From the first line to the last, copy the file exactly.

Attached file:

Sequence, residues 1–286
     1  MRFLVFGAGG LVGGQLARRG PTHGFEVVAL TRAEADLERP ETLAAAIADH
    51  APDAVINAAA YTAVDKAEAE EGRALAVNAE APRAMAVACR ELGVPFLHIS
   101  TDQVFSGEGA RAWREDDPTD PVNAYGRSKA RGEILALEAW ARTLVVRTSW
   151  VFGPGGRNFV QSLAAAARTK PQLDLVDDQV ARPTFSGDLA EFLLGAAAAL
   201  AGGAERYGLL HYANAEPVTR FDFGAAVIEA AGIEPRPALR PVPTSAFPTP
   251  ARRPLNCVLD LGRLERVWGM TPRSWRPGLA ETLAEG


Sequence, residues 1–286
     1  MRFLVFGAGG LVGGQLARRG PTHGFEVVAL TRAEADLERP ETLAAAIADH
    51  APDAVINAAA YTAVDKAEAE EGRALAVNAE APRAMAVACR ELGVPFLHIS
   101  TDQVFSGEGA RAWREDDPTD PVNAYGRSKA RGEILALEAW ARTLVVRTSW
   151  VFGPGGRNFV QSLAAAARTK PQLDLVDDQV ARPTFSGDLA EFLLGAAAAL
   201  AGGAERYGLL HYANAEPVTR FDFGAAVIEA AGIEPRPALR PVPTSAFPTP
   251  ARRPLNCVLD LGRLERVWGM TPRSWRPGLA ETLAEG